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bitcoin? do you trust your money?

March 11, 2013

Bitcoin.  Have you heard about the experimental crypto-currency?

For the rest of you who are wondering what that’s all about, here’s the gist of it.  In 2009, a bunch of computer programmers (or one guy, no one’s sure) designed an open-source peer-to-peer network that uses public and private key encryption to allow people to send Bitcoins to each other.  Due to the encryption standards used, and the public transaction records, its virtually impossible to double-spend bitcoins–which has always been one of the main problems with digital money.

Perhaps the most interesting thing about bitcoin is that there is no central authority controlling it.  The computer program that runs on all the client computers and establishes the network uses a mathematical algorithm to regulate the creation of new bitcoins, so its a deflationary currency.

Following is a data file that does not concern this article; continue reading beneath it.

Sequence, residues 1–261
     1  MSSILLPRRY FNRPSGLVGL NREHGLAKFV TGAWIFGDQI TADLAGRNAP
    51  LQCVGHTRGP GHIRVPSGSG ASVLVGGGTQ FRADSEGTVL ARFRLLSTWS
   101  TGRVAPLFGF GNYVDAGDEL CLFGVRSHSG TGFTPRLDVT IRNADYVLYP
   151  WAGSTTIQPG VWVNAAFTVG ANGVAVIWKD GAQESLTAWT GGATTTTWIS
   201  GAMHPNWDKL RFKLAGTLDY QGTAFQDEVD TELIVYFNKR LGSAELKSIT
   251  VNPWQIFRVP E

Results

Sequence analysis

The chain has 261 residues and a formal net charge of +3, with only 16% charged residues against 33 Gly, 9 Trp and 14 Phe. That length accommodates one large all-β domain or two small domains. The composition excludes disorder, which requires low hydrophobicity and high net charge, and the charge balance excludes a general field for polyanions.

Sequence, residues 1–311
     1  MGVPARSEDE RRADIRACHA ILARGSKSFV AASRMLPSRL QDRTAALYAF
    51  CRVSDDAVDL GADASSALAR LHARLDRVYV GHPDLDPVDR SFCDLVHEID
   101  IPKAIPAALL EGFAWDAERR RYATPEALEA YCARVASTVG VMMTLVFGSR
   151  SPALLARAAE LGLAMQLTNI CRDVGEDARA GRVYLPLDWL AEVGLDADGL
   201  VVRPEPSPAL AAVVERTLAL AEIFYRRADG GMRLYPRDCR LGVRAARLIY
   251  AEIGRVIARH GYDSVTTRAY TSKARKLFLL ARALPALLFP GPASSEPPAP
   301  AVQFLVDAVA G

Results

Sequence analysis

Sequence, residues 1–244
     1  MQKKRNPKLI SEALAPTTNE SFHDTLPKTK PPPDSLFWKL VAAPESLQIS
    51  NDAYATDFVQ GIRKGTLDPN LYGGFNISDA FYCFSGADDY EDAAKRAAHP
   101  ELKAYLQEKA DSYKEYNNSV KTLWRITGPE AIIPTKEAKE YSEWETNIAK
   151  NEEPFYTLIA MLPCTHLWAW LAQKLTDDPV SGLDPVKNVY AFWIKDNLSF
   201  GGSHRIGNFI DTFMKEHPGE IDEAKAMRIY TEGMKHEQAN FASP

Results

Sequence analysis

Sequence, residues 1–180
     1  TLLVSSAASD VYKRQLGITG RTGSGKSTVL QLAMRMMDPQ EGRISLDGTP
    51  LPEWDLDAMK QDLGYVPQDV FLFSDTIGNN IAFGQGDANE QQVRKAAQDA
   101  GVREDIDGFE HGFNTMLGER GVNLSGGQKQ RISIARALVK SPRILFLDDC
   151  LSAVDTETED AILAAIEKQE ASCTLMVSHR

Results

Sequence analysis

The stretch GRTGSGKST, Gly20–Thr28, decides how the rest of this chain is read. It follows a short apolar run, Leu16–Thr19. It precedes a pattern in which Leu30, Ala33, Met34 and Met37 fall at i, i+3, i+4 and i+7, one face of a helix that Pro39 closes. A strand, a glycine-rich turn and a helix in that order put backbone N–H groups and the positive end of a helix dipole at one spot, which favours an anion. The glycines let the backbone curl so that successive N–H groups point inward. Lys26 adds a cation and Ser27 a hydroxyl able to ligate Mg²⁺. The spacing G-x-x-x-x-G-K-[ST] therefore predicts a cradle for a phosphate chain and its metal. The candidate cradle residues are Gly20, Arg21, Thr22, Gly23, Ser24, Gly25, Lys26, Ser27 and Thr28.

Also, because relatively few people worldwide use it, the values at which bitcoin trades with traditional currencies can be quite volatile.  Recently one bitcoin has been trading for around $40 USD, but last November it was only around $9 USD, and in 2011 it had been up to $32, but then crashed all the way down to $2 or $3.  So yes, its experimental.

However, if you’re in the US, you may see Bitcoin reverse ATM machines coming to a convenience store near you, according to this article on CNET.  If you see one, and want so give me a gift, you can do so here: 1BVdZiPgPTvicma8Ut1AZEWYteadRWHPyF.  I haven’t bought any bitcoin myself–I’m still somewhat skeptical, but its an experiment I’m watching.

And it raises interesting questions about our money: who controls it, who can manipulate its value, and is it worth treasuring if its of fleeting value?

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